Fig.week14.10. Once they get their first leaf (06/05/2016), I introduced them into the aquaponic system.

    Fig.week14.11. Roots development.

    Week15 - Launching

    1+1 =3

    Along the Fab Academy and thanks to the great human platform that offer GreenFabLab, I met Loic, a #maker with a strong background in #hydroponics and earlier contact with Aquaponics back in Israel
    Loic’s help me to step up tremendously the Aquapioneers project. So together, we decided to build up Aquapioneers website to start sharing how we envision the futur of Aquaponics with Digital Fabrication.

    Fig.week15.1. Aquapioneers' website

    In a row, Aquapioneers’ vision is to locally promote aquaponics as a means of sustainable food production in urban areas , using Barcelona as a living Lab and aligning itself with the Green FabLab’s commitment to sustainability and self-sufficiency.
    In the meantime, it also aims to provide a global open platform of R&D and education, using the power of open source tools combined with the collaborative intelligence of Fab Lab network to inspire and be inspired.

    Fig.week15.2. Aquapioneers' social media #twitter (@aquapioneers) #facebook #youtube

    Kickstaring a 20 m2 aquaponic greenhouse at the Green Fab Lab

    The Green Fab Lab offers an amazing playground for outdoor experimentations that contribute to the Self-sufficiency vision of this place. So here we go ! The aquaponics POC#3 will be a 20m2 Aquaponic Greenhouse for small scale food production, including both fish and vegetable farming.

    Fig.week15.3. Location of the future greenhouse

    Fig.week15.4. 3D model of the Aquaponic system inside the greenhouse (1000L fish tank with NFT technique)

    Fig.week15.5. Starting to clean the place (View from the ) )

    Fig.week15.6. Working in progress




    Fig.week15.10. first weeks of construction

    Week16 - Eating my first aquaponics lettuces

    Fig.week16_1.Weekly scope

    Updates about POC#1's ecosystem

    Fig.week16_2. Aquaponics lettuces growth during five weeks.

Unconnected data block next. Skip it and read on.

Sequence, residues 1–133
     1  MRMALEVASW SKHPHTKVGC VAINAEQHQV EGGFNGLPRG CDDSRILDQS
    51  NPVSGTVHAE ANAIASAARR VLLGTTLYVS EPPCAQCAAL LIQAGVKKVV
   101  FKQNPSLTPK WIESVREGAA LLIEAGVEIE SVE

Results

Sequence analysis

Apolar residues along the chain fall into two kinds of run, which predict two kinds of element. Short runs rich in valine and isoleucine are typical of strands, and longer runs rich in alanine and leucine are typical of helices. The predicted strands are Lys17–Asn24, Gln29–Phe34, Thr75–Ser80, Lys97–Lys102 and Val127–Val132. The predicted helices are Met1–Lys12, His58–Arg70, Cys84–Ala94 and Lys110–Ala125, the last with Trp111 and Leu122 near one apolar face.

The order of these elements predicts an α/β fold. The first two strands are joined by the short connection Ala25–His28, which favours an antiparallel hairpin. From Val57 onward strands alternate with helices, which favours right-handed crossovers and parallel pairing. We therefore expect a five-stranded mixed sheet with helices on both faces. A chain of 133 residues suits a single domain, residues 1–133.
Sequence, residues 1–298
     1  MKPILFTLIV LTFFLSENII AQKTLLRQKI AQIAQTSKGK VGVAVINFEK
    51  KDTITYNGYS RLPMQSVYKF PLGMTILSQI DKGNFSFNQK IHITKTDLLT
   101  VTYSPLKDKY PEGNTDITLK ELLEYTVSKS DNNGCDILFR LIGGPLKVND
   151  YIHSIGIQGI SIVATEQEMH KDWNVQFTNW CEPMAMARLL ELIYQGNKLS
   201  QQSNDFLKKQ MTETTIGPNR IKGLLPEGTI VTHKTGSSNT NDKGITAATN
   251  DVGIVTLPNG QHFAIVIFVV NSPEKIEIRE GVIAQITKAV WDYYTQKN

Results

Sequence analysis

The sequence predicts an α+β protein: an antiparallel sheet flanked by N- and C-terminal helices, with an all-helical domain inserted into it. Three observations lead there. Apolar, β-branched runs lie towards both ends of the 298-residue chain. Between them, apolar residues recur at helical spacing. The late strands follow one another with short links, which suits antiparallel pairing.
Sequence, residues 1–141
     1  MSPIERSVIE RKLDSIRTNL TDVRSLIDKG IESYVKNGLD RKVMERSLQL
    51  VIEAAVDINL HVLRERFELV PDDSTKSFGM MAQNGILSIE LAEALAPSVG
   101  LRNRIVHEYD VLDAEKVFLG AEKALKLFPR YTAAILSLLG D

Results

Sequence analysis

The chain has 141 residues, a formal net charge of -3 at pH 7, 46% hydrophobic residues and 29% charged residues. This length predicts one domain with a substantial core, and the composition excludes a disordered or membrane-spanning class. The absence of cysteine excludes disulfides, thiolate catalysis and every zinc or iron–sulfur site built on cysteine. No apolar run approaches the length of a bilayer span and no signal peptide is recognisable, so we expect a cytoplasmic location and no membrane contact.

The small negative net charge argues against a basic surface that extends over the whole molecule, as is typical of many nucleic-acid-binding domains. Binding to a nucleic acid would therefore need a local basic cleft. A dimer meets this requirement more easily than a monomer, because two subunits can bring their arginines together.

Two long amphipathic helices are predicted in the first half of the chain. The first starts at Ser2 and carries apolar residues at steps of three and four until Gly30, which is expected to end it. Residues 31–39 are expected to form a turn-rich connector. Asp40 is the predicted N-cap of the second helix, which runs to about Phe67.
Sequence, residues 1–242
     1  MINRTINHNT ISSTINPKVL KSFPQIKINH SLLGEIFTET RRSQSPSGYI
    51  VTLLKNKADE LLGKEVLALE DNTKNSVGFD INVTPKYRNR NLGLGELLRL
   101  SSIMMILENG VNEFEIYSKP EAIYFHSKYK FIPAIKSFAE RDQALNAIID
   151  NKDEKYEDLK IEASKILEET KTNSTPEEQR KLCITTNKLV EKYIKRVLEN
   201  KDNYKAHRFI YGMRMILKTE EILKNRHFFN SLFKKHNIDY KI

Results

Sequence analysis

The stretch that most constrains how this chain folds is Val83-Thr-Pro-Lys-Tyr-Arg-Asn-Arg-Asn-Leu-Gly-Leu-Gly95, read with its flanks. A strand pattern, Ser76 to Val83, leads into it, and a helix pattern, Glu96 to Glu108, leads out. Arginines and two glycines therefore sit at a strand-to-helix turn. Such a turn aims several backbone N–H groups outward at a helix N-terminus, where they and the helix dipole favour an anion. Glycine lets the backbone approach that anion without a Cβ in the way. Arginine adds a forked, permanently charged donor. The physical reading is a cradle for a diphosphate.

Here come the big moment n#1!

    Fig.week16_3.Ready to be eaten

    Here come the big moment n#2!

    Fig.week16_4.Eating the tasty aquaponics lettuces

    Week17 - Connecting and coding the Brain's inputs

    Fig.68.Weekly scope

    Reading water temperature from DS18B20 sensor


    The one wire Digital Temperature Sensor - DS18B20 from Maxim ,formerly Dallas, (that cound be found on Github) is a great chip for measuring temperature in wet environments. Luckily, there is a Dallas Temperature library for the arduino which makes using this sensor very easy.

    Just download a copy of the library. In it you will find two folders. Drag and drop the DallasTemperture folder into your arduino/libraries folder. If you dont already have the OneWire library then you will need to copy that folder into the libraries folder also.
    Next, load up the sketch below and upload it to your Arduino board. Using the Dallas Temperature Library makes getting the temperature easy.

    sketch to upload

    Sample Code

    When you have uploaded the sketch, click on the Serial Monitor and you should see output like the following. The temperature is in degrees C

    Serial Monitor reading the water temperature

    Reading pH value from SEN0161 sensor sensor

    The code is directly taken from Wiki page of DFRobotics PH meter where I bought the pH probe


    1. The pH electrode is connected to the BNC connector on the pH meter board, and then use the connection lines, the pH meter board is connected to the analog port 0 of the Aquaduino. When the Arduino controller gets power, you will see the blue LED on board is on.
    2. Upload the sample code to the Arduino controller.